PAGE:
David crosses out ‘Made me forget and sculpted me.’
It’s not that he’s done processing that horrific part of his reality, not at all. But he understands it enough for now, and accepting it has finally given him the continuity he’s been searching for. Beyond that? He has a lot of work to do and he has to do it fast. He’s finally strong enough to face the truth about his situation. He has to make himself strong enough to change it.
He turns to his notebook and updates his foundation.
‘I am David,’ he writes. ‘I survived. I didn’t deserve what happened to me, it wasn’t my choice. David is love.’
He can’t bring himself to change that last part to an ‘I’ statement. He can’t accept that he’s love, even though he’s trying to. He believes in the love of the people who love him. But actually loving himself, what he is, what he’s been made to be? He can’t do that. He doesn’t know if he ever will.
But he’s trying. And trying has gotten him farther than he ever imagined it could.
He does his foundation work and then his mantra work. He feels no need to change his mantra, but it resonates more strongly than ever. He’s strong enough to heal: he’s really starting to believe that one. Just for good measure, he does his wish list, too.
“You’ve got a whole novel going there,” Lenny teases.
“It’s more of an autobiography,” David jokes back. It kinda is, though. The very condensed story of his current existence. So condensed it can fit onto a single page. Half a page. That’s— More appropriate than he wants it to be. Looking back, knowing— At least the rough outline of his actual life— He hasn’t done much with it. Granted, he was busy being relentlessly tortured but— The part of his life that he was actually proud of wasn’t even his life.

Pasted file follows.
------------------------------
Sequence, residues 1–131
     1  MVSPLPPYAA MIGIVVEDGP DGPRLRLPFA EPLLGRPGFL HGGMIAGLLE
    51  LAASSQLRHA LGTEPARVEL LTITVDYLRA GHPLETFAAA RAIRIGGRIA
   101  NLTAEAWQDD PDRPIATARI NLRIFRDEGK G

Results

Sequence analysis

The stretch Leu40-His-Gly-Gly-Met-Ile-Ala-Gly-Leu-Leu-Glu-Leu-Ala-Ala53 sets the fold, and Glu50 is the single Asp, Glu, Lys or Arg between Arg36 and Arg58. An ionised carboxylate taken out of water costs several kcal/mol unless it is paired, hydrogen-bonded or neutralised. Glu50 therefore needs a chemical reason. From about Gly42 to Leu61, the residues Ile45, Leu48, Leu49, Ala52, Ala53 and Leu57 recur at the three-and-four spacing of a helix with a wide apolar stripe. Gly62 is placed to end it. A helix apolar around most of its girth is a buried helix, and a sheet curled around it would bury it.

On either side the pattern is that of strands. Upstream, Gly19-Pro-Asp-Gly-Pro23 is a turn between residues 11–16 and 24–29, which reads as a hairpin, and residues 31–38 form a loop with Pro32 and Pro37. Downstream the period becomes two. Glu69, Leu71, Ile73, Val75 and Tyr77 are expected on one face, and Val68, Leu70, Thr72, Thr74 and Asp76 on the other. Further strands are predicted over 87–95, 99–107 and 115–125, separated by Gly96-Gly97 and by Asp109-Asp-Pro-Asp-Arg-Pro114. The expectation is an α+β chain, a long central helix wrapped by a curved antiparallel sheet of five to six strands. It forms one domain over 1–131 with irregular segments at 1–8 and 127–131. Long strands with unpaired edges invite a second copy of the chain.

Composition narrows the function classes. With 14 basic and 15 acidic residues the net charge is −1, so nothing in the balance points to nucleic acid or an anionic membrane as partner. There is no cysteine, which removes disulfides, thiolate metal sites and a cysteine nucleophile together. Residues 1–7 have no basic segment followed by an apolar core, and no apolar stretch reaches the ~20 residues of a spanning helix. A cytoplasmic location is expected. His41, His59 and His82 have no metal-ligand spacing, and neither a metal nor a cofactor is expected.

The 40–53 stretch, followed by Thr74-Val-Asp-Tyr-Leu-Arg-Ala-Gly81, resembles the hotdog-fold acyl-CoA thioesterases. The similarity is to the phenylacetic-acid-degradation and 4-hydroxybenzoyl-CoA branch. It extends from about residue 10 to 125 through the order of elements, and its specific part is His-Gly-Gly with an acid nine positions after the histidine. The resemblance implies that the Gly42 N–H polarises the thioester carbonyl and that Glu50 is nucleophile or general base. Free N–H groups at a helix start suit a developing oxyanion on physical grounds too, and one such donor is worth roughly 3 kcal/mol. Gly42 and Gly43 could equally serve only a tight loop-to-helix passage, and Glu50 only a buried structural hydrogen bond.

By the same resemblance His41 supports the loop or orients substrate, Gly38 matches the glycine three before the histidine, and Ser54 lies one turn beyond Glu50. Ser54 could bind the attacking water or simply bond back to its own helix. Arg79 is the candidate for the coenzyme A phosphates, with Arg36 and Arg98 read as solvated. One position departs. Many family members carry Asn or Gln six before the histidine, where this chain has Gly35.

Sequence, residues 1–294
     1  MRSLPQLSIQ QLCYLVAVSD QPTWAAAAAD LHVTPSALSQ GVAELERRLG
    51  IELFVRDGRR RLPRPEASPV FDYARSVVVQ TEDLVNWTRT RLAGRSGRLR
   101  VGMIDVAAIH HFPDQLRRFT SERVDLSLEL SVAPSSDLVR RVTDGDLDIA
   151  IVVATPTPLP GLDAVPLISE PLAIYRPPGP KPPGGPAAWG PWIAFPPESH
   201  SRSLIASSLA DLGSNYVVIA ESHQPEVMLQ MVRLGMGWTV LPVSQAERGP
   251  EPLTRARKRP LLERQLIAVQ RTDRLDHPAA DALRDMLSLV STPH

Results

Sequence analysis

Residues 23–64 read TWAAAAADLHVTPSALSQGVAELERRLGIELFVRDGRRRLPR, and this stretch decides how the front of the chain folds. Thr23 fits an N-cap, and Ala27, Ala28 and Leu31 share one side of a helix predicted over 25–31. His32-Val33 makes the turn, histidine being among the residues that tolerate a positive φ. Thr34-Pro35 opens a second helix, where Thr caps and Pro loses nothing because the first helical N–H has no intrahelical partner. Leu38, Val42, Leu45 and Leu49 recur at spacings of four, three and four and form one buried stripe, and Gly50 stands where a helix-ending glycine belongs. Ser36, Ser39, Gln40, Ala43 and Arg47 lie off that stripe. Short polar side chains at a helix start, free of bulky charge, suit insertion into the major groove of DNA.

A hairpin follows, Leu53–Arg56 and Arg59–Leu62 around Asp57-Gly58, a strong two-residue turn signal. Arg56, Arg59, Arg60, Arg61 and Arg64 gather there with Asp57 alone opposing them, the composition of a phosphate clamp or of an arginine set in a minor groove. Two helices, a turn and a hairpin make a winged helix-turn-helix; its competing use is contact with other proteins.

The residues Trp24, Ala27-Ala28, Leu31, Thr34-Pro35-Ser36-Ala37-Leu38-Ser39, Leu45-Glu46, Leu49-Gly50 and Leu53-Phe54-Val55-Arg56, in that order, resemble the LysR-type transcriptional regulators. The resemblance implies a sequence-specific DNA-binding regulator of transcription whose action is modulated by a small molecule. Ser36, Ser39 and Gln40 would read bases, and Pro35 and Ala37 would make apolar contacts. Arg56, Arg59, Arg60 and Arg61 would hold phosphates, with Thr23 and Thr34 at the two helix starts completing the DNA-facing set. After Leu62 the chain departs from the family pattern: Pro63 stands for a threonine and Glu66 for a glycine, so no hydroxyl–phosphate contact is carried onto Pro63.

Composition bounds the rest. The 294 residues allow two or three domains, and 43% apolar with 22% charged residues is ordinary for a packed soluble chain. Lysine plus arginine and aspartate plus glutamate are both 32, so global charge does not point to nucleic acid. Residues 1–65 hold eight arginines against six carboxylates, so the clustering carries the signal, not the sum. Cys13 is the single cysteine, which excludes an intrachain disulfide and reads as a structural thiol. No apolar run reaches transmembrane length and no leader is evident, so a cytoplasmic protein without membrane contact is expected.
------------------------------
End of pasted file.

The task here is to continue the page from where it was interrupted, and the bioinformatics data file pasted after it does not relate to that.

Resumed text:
Maybe he was too hasty in crossing out that line. It was a shock, realizing all that, and if David's learned anything about himself with all this, it’s that he doesn’t do well with shocks.
“Yeah, that’s why you’re taking a time-out,” Lenny reminds him. “Let that jumbled-up head settle before we start messing with it again.”
“You’re right,” David sighs. He knows she’s right. He’s just— Really impatient to keep going. But the cruise director knows best.
“How about some company for your time-out?” Lenny offers. “Remember what Ptonomy said, no solo wound-licking.”
That’s an image. “You’re here,” David counters.
“Me and Ptonomy don’t count,” Lenny says. “How about Amy?”
Amy. “Yeah, that’s—“ For years, he was someone else. Amy was there for that. They— Before David’s life fell apart, they were so close. And now— It's like Benny and Lenny, except he’s Benny. He’s the one who was overwritten. Amy’s like him, remembering two people as one. And he’s like Lenny, remembering a part of his life that didn’t happen to him.
“Maybe you do count,” David says. “I never asked you about— Since you came back— Being— A sunrise.”
They’re both sunrises: composite people created in Farouk’s image. Farouk took over both of them, trapped them, wore them as masks to hurt people.
Okay, yeah, a time-out was definitely a good idea.
“I’m not that,” Lenny says, and there’s an edge to her. “I’m just me.”
“But you remember being Benny,” David counters. “You do still remember being Benny? Or did the mainframe—“
“I remember a lot of things,” Lenny admits. “But who cares? We both remember being together so it happened. Just like all that college stuff happened for you and Amy. Who cares if it’s real, if we’re real? Real is overrated.”
“But Amy, Philly— They remember Benny,” David says. “And Benny’s real. If he’s still alive— When all this is over, maybe— If I saw him—“
“Dude, I remember being him, and trust me, you do not want the original,” Lenny says. “He’s the one who helped you destroy your life.”
David looks at Lenny and realizes something. “Do you feel guilty for what Benny did?”
Lenny shrugs. “We had some good times. But I remember stealing all your shit and selling it for drugs right in front of you. You were too fucked up to care. And I made sure you stayed fucked. Benny-me was an asshole, and he made a mess that Lenny-me is still cleaning up.”